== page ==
Ideally, there never should be an instance of Halakha versus common sense. As we shall soon see, while the Torah may not always be provable through deductive reasoning alone, it should never ask us to believe something that is patently unreasonable. I feel compelled to a write this in response to fundamentalist trends that seem to make virtue out of blind acceptance. Granted there is a certain logic to such a position, perhaps considering that G-d may be testing us. While some may believe this to be so, Maimonides in his Guide for the Perplexed (III:25) unequivocally and categorically rejects this notion. (Despite certain verses that appear to be in contradiction to this. He goes into detail suggesting various refinement in interpretation that is beyond the scope of this article.)
Furthermore, I submit two sources two indicate that Halakha should not, in principle, trump the well-being of those who adhere to its beliefs and practices. This is, of course, aside from common sense if a particular halakhic practice actually presents serious consistent danger based on known circumstances and chazakas.):
1. The Talmud (Succah 32a) clearly uses the principle that the Torah’s ways are pleasant in order to rule out a particular choice of branch that would have been plausible as the scriptural intent for one of the four species. The exclusionary reasoning was not exegetical but rather because the plant under consideration had thorns and this would be hurtful to hold in one’s hands. Ergo, the Torah could NOT POSSIBLY have intended that particular plant to be used as part of The mitzvah.
2. Rav Saadiah Gaon In Emunot Vedeot, (Treatise 3, chapter 8) states explicitly that no prophet, even Moses, and even by force of miracles and wonders had the power to represent their statements as the word of God if they run counter to human reason . That is, we would not be expected to believe him. Here is the quote :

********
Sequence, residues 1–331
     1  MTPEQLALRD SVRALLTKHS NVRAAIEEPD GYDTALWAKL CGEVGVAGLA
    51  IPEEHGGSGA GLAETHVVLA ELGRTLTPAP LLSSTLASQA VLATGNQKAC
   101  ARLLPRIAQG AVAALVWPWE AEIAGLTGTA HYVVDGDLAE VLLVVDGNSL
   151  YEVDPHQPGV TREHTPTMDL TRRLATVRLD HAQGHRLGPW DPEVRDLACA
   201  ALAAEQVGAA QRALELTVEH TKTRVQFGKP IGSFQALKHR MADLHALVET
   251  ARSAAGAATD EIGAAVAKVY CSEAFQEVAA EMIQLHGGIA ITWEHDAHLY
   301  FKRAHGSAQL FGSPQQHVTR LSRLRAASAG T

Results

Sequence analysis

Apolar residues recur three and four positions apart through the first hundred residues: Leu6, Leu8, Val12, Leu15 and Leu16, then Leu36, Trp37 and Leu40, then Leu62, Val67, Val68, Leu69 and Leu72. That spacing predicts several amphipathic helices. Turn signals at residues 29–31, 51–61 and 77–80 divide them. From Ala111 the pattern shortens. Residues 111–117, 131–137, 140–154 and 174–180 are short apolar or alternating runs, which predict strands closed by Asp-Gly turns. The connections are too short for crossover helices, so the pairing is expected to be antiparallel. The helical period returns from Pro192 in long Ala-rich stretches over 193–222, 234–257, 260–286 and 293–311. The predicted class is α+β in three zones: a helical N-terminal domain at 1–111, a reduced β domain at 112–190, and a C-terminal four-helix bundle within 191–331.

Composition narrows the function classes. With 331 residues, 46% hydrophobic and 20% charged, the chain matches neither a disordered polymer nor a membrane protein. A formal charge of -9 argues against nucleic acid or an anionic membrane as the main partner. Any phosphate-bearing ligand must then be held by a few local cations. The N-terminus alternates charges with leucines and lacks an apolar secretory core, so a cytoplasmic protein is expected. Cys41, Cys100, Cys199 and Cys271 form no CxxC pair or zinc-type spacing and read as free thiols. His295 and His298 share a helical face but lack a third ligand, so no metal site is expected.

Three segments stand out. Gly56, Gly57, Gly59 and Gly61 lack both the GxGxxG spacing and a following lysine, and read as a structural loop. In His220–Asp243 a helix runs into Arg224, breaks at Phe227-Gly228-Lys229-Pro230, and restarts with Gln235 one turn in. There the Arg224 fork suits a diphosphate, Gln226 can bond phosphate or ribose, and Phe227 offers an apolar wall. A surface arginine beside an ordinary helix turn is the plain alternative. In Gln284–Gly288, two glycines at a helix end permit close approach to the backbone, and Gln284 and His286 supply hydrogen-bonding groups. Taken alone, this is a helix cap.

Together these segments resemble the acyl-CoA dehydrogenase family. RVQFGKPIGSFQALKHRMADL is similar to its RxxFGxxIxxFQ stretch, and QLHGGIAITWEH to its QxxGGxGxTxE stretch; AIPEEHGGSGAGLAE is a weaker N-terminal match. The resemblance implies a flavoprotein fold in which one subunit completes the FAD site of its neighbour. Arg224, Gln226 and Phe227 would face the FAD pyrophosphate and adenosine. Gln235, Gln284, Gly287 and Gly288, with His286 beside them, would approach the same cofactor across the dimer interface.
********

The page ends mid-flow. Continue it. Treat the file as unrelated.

“The basis of our belief in the mission of Moses is not solely the miracles and marvels that he performed. The reason for our believing in him, and in every other prophet, is rather the fact that he first called upon us to do what is proper. Then, when we had heard his appeal and saw it was proper, we demanded from him miracles in support of it and, when he performed them, we believed in him. If, however, we had felt that the appeal he made at the beginning was not proper, we would not have demanded any miracles from him, because miracles are of no account in supporting the unacceptable....hereon the same procedure is to be followed in the case of every claimant of prophecy. If he says to us, “My Lord commands you to fast today,” we ask him for a sign in support of his mission, and when he shows it to us, we accept it and fast. If, however, he were to say to us, “My Lord commands you to commit adultery and steal,” or “He informs you that He is about to bring a flood of water upon the world,” or “He makes it known to you that He created heaven and earth thoughtlessly while He was asleep,” we would not ask him for any sign, since what he called upon us to do is not sanctioned by either reason or tradition. Now I have seen one of the proponents of the theory that has just been discussed go further in the matter and say, “But suppose we note that the [pretended] prophet pays no attention to us but makes us witness the miracles and marvels so that we see them perforce. What shall we say to him in that case?” My answer was that our reply to him should be the same as that of all of us would be to anyone who would show us miracles and marvels for the purpose of making us give up such rational convictions as that the truth is good and lying reprehensible and the like. He was thereupon compelled to take refuge in the theory that the disapproval of lying and the approval of the truth were not prompted by reason but were the result of the commandments and prohibitions of Scripture, and the same was true for the rejection of murder, adultery, and stealing. When he had come to that, however, I felt that I needed no longer concern myself with him and that I had my fill of discussion with him.“